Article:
There is lack of innovation and disruption in the merchandising space: Bhavik Vora, Founder, Black White Orange Brands
Vora and Indranil Blah, CEO, Mumbai City FC, ISL were key speakers for the session on merchandising and licensing in India at BW Applause Awards
Merchandising and licensing in experiential marketing, while being an important aspect, is often ignored. Shedding light on the same, experts Bhavik Vora, Founder, Black White Orange Brands and Indranil Blah, CEO, Mumbai City FC, ISL spoke about the present challenges in the field and it's future in Indian market.
The duo was speaking at the BW Applause Awards ceremony organised by exchange4media in a session moderated by Kanika Sethi Babbar of Bespoke Events. Blah started out by saying that the sports industry in India does not primarily make use of merchandising. He said, “In specifically sports, it amounts to one per cent. Honestly, it is pretty negligible. If you look at a successful venture like IPL, merchandising won’t be more than five per cent.” While Blah gave a sports industry-centric analysis, Vora had a wider perspective on the topic as his agency has been associated with a number of successful projects in entertainment and media industry, like Baahubali and Game Of Thrones.
Vora said, “Merchandising industry in India is very nascent. There are hardly four-five agencies like us. This is because people think it's rocket science which it’s actually not. Merchandising in India is primarily seen as a kids’ domain. Everybody is looking at what Disney is doing in this sector and trying to follow them. What people are not realising is that times have changed. There is a large demographic in the country which is consuming a lot of different content like Game Of Thrones, soccer, cricket and Bollywood. Nobody is targeting them. There is lack of innovation and disruption in the space. In sports, I can’t imagine that an event like IPL, which has media rights going for Rs 60,000 crore, has the most underserviced merchandise programme. Frankly, the franchises are putting so much money in the event, but they are missing out on not monetising the teams which the EPL does brilliantly. The kind of revenue they generated out of this is unheard of.”
He further said that the kind of culture built around the franchises abroad is so aspirational that fans love to be associated with it. Blah objected to Vora’s observation and opined that many sports franchises have tried tapping into the merchandise market but they are mainly faced with the challenges of piracy and cost.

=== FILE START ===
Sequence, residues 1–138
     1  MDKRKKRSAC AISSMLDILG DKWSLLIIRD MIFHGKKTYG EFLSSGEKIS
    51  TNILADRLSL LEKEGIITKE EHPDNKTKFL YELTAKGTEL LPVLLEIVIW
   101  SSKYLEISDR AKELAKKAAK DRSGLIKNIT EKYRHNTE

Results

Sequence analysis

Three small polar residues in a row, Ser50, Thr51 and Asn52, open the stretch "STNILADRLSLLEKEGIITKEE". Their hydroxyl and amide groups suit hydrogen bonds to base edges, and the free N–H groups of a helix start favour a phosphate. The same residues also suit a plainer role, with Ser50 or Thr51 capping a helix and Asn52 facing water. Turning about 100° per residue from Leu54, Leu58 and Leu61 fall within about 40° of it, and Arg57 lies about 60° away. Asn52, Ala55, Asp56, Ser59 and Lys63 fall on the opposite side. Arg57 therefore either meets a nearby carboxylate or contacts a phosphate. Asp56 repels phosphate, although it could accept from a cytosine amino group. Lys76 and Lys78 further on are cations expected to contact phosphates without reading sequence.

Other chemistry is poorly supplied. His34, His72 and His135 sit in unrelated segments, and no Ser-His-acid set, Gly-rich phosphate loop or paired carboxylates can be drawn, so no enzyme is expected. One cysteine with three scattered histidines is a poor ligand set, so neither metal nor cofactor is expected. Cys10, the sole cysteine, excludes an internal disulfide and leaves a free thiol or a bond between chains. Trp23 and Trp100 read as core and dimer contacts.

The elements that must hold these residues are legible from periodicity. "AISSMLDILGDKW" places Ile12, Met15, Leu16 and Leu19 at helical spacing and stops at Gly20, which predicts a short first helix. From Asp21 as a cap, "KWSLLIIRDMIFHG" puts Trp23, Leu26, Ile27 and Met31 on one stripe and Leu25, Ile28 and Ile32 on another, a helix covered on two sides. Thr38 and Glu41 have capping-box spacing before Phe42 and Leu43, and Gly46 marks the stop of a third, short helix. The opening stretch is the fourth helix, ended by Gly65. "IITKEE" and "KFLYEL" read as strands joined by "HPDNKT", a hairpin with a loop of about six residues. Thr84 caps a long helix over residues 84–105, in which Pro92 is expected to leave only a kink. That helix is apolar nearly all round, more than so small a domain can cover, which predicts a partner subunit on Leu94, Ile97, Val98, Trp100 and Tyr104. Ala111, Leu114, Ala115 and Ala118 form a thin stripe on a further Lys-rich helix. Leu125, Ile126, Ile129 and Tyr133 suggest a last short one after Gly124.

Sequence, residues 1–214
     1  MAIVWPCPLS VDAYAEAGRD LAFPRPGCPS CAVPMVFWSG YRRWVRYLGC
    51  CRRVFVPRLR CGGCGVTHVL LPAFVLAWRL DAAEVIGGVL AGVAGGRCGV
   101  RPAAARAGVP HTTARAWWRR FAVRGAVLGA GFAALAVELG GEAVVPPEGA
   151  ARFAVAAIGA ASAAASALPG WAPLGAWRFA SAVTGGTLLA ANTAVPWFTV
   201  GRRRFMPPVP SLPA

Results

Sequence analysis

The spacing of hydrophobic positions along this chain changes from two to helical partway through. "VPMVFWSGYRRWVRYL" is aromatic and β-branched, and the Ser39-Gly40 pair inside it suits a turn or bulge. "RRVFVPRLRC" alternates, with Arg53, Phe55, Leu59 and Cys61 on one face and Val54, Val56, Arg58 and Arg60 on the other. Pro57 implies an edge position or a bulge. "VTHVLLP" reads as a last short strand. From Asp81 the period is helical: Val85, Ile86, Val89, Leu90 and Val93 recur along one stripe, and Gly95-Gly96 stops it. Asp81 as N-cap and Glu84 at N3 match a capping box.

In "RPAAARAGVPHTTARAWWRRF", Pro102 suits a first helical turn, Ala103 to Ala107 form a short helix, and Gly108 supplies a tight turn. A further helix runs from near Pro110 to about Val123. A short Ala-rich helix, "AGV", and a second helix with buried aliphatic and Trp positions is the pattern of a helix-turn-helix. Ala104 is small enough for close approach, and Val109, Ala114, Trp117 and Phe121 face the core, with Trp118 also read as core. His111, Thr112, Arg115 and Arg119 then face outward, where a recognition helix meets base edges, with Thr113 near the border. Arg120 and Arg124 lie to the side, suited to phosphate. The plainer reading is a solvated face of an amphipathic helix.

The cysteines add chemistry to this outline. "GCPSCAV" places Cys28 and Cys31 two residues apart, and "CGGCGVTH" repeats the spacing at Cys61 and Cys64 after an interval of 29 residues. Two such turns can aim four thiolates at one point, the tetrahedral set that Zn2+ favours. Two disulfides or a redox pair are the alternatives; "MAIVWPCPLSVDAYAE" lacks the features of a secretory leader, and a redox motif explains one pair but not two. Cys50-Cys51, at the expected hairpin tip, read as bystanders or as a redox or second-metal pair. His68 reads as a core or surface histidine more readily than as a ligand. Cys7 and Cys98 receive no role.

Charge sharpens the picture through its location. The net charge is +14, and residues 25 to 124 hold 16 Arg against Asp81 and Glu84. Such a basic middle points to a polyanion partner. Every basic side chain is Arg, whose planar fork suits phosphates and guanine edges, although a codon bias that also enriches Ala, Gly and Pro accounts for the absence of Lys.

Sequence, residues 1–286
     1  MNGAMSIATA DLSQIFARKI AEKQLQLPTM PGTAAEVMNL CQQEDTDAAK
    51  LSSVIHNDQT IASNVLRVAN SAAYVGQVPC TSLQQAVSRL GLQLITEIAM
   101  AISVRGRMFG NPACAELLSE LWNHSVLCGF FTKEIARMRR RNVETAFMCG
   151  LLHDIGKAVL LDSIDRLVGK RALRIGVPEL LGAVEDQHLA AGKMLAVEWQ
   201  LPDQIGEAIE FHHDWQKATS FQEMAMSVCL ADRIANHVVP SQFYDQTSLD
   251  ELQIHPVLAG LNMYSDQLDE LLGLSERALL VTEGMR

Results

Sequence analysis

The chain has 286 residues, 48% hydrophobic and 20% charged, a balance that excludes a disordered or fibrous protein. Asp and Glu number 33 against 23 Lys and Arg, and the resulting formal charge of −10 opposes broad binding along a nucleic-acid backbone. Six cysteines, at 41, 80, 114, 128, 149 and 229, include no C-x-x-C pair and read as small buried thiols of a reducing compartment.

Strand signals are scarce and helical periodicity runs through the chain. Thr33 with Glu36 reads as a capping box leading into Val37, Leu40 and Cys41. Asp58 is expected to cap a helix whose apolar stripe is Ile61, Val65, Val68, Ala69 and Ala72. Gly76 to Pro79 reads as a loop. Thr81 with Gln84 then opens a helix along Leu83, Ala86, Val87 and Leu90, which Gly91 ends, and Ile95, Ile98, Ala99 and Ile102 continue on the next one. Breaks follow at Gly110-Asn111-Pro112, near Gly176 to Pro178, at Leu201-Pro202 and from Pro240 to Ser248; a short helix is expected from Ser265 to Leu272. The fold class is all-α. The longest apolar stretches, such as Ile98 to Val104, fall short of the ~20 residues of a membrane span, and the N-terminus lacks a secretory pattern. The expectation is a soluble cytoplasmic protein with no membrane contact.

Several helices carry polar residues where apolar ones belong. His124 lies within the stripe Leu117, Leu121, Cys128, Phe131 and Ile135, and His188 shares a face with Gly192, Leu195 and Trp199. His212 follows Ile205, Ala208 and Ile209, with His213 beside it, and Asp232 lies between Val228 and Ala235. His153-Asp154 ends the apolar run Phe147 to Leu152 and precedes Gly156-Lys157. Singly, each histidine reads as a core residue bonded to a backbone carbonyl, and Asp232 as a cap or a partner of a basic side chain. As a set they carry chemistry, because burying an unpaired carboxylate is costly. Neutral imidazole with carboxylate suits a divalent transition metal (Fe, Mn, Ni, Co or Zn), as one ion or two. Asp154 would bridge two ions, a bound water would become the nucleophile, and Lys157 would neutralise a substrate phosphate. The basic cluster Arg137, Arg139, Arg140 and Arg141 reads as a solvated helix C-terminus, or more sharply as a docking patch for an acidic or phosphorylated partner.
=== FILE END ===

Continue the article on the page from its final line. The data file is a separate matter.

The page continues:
Babbar then posed a question to Blah asking him how ISL manages the balance between keeping costs of the merchandise low yet meeting the artistic, aspirational expectation of the fans. “We are at an early stage. Mumbai City is just a three-year-old property. We are trying to grow the brand. It is still page one for us. We are not looking at minting money out of it right now. It might be a controversial thing to say but when I go to Mumbai City team and I see a lot of kids wearing jerseys which are pirated, it still works for me because the brand is being integrated into the market.”
Babbar then moved on to Vora and asked him what their agency does when say a client comes to them with a Bollywood/Musical event. Do they have a style guide to go about? Vora said that the whole merchandising/licensing industry depends on fans. But it’s just a starting point, according to him. Giving an example of his agency’s handling of Baahubali in the merchandise space, he said, “Creative aspect is the most critical part of any successful merchandise. A fan would not want a jersey with 50 logos blasted on it because it is not aspirational. They are paying Rs 1000 for a T-shirt, it might as well look good on them.”
The next challenge faced by agencies, as posed by the moderator, is what other means are there to retail the merchandise apart from using the online medium? How does one encourage spectator interaction? Vora said, “With respect to IPL, the owners need to invest in brands to create a legacy. Players will come and go. They can use players like Virat Kohli to communicate to fans and endorse the merchandise.”
The panel then moved on to discussing licensing. Talking about ISL, Blah revealed that in India, licensing happens both on centralised and individual club levels. Coming back to their success story, Vora revealed how the agency got into the game with Baahubali makers very early on and for them, it was not about slapping the movie logo on T-shirts and selling. They tried to tell the story of Mahishmati, Bhallal Dheva and Baahubali through every product created by them.
The session ended on a positive note as all members of the panel agreed that good things are finally happening in the industry with regard to merchandising especially with brands like Being Human and Baahubali doing great work in the department. Both speakers reiterated that merchandising and licensing cannot be an afterthought but a well planned out process by the brands.
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